DUBAI: Middle East markets may deepen losses on Monday as investors wait for governments to announce their annual spending plans and after falling crude prices dragged global stocks lower.
Brent futures fell 0.5 percent to $37.75, declining for a seventh straight session, its longest losing streak since mid-2014, as an International Energy Agency warning a global supply glut was likely to worsen next year weighed on prices. Asian stocks were also down.
Gulf markets took a hefty hit on Sunday. Qatar’s benchmark tumbled 3.7 percent to be the day’s biggest loser. Dubai’s index also slid and has fallen 23.6 percent this year, making it the worst performing Gulf bourse in 2015.
Saudi Arabia’s benchmark plunged 2.7 percent to 6,764 points. It is down 32 percent from its 2015 peak, reached in April.
“Investors are not willing to enter markets until the kingdom’s budget is announced,” said Hisham Tuffaha, head of equity investments at Riyadh-based Mulkia Investments.
Saudi’s annual budget, due to be announced this month, is expected to include spending cuts and a drive to raise revenue from new sources as it lays out a strategy to cope with an era of cheap oil.
In Kuwait, Viva’s shares could face selling pressure after parent firm Saudi Telecom Co (STC) said it would offer 1 dinar per share to buy up Viva’s remaining stock.
Viva shares have gained 20 percent since STC’s initial takeover announcement in November, ending Sunday at 1.1 dinars.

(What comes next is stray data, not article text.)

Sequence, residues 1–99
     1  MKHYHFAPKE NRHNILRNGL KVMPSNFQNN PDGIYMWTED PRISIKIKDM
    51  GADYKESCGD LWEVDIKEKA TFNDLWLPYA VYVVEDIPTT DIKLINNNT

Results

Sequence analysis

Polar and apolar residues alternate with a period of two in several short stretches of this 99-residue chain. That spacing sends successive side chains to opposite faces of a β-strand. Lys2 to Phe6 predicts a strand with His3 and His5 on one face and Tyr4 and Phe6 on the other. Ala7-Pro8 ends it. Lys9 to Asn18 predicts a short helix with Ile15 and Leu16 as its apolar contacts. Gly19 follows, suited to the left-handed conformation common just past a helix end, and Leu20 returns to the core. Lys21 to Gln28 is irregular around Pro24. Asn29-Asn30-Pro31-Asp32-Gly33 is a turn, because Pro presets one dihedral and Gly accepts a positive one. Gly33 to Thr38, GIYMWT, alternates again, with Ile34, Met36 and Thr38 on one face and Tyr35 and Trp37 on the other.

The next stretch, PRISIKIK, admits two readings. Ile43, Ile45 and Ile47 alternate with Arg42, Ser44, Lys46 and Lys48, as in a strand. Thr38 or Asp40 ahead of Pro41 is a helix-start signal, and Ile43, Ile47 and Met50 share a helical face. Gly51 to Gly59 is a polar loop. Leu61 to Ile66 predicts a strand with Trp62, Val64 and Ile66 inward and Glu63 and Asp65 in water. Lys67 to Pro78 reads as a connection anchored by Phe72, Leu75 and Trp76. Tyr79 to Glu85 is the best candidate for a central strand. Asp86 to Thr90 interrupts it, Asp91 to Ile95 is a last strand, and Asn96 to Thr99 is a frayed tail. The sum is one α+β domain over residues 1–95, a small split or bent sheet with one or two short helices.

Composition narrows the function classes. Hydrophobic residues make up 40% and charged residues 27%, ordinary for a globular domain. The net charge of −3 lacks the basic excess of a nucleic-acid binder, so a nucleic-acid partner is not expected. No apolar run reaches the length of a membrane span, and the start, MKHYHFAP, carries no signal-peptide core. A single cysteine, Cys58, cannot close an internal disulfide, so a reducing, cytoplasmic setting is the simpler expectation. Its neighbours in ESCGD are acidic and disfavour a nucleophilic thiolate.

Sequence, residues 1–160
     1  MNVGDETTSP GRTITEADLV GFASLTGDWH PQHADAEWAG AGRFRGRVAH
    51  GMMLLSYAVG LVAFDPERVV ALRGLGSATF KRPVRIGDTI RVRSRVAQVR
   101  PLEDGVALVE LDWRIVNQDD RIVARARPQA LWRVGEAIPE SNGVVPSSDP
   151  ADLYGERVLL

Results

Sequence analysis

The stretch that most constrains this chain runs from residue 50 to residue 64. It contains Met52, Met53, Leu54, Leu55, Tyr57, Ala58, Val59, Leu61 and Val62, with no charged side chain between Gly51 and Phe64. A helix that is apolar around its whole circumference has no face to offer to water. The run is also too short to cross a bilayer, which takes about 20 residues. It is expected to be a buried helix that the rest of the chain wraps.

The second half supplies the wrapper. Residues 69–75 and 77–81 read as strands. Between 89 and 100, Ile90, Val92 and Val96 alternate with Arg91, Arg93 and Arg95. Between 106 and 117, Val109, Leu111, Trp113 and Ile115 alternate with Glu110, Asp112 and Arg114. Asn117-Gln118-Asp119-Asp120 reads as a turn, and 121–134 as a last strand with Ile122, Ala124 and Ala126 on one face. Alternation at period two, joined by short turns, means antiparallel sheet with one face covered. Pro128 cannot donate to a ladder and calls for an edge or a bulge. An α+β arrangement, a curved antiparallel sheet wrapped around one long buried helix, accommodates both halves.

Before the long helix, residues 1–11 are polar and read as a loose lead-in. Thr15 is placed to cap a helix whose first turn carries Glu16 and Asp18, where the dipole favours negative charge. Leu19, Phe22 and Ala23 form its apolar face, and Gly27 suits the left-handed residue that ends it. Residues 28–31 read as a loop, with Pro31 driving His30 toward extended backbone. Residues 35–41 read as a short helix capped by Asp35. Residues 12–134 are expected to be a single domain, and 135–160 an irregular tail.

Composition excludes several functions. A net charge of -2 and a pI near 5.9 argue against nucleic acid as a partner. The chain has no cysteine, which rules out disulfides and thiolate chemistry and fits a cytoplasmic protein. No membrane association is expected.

Egypt’s bourse fell 3.7 percent on Sunday, to be within 93 points of November’s 2015 low.
Egypt’s central bank injected foreign currency liquidity into the banking system in a surprise move on Sunday, bankers said, the latest in a series of steps aimed at ending a foreign exchange shortage.
“Market reaction is unclear given there are other external systemic risks that could thwart the dollar injection,” said a Cairo-based trader.
Investors are more risk averse because of extremely low oil prices and as they await the Egyptian central bank’s decision on interest rates due on Thursday, he said.
“Foreign investors could give their vote of confidence for the currency injections by buying stocks at now lower prices, but locals and Gulf nationals may continue selling,” the trader added.
Local and Arab traders were net sellers while foreign investors were net buyers on Sunday, exchange data showed.